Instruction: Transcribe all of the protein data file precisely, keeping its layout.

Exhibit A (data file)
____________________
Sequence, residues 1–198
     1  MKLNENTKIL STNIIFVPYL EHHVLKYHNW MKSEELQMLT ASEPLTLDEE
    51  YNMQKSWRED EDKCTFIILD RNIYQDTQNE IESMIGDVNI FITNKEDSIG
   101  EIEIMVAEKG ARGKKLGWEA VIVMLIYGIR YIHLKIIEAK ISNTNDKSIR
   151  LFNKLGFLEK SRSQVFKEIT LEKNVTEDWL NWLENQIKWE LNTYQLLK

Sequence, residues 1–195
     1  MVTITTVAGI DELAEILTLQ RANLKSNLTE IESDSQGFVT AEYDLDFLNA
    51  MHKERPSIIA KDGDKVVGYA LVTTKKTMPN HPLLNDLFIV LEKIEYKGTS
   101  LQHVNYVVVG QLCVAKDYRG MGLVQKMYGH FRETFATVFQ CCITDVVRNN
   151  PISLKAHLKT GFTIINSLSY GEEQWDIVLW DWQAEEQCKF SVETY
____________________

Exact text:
Sequence, residues 1–198
     1  MKLNENTKIL STNIIFVPYL EHHVLKYHNW MKSEELQMLT ASEPLTLDEE
    51  YNMQKSWRED EDKCTFIILD RNIYQDTQNE IESMIGDVNI FITNKEDSIG
   101  EIEIMVAEKG ARGKKLGWEA VIVMLIYGIR YIHLKIIEAK ISNTNDKSIR
   151  LFNKLGFLEK SRSQVFKEIT LEKNVTEDWL NWLENQIKWE LNTYQLLK

Sequence, residues 1–195
     1  MVTITTVAGI DELAEILTLQ RANLKSNLTE IESDSQGFVT AEYDLDFLNA
    51  MHKERPSIIA KDGDKVVGYA LVTTKKTMPN HPLLNDLFIV LEKIEYKGTS
   101  LQHVNYVVVG QLCVAKDYRG MGLVQKMYGH FRETFATVFQ CCITDVVRNN
   151  PISLKAHLKT GFTIINSLSY GEEQWDIVLW DWQAEEQCKF SVETY